Check out our handy guide to find out more about the National Eisteddfod of Wales and what to expect when you get there.
What is the Eisteddfod?
The National Eisteddfod is a big Welsh language cultural festival that takes place annually, alternating between north and south Wales. It's the largest cultural festival of its kind in Europe, and a key event in the Welsh calendar.
It's a mixture of daily talent competitions and evening concerts, gigs, plays and exhibitions. Competitions in the main pavilion vary from dance to recitation, singing to brass bands.
When does it happen?
The National Eisteddfod takes place annually during the first week of August. This year, it takes place between 4-12 August, with the opening concert held in the main pavilion on the Maes (festival field) on Friday evening, 4 August.
Where is it held?
Anglesey plays host to this year's National Eisteddfod and the Maes (festival site) is situated near to the village of Bodedern in the north of the island.
Who's it for?
Everyone's welcome! You'll receive a warm welcome at the Eisteddfod, regardless of whether or not you can speak Welsh. As a celebration of Welsh culture, Welsh is the official language of the Eisteddfod, but a translation service is available. If you require a translating kit you can just pick one up as you arrive at the Maes.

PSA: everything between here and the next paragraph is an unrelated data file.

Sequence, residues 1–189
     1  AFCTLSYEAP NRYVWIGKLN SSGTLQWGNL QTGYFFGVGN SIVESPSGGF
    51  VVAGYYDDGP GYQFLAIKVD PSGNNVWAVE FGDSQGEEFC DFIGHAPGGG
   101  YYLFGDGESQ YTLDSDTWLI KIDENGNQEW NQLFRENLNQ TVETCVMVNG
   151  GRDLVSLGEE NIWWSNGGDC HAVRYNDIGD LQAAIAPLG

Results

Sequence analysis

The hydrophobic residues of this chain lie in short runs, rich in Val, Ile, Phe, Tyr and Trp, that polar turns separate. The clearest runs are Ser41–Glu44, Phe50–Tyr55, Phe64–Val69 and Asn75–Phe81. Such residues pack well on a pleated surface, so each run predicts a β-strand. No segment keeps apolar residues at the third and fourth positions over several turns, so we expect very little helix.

You can also check out our handy list of Eisteddfod words and phrases here. But remember you can still enjoy arts, crafts, music and dance and soak up the atmosphere, without an in-depth knowledge of the language.
What to expect
The Eisteddfod annually attracts on average more than 150,000 visitors a week. The main field is known as the Maes and the main pavilion is the hub of the festival where the music, dance, poetry and recitation competitions are held.
Competing in the pavilion draws to a close at around 4.30pm most afternoons for the main ceremonies to take place. These include: the Crowning (best work in free verse) on Monday, Daniel Owen memorial prize (best unpublished Welsh novel) on Tuesday, the prose medal on Wednesday, and Friday sees the chairing of the winning poet.
Around the Maes and beyond
There is also a theatre, and for the first time this year, a cinema on the Maes. Also arts and crafts exhibitions, a literature pavilion, an area for Welsh learners to hone their language skills (Maes D), live music stages dotted around, as well as trade stands and exhibitors. There are also plenty of food stalls on the Maes and also a bar.
There's evening entertainment at the Eisteddfod - both in the pavilion and in other local venues. These include plays, concerts and performances by local groups. If it's bands you're after, head to 'Maes B'.
Maes D - the 'd' stands for dysgwyr (learners) - is the Welsh learners' pavilion on the Maes. Get involved by competing on the Maes D stage, or sit back and listen to music while practicing your language skills with other Welsh speakers, learners and tutors.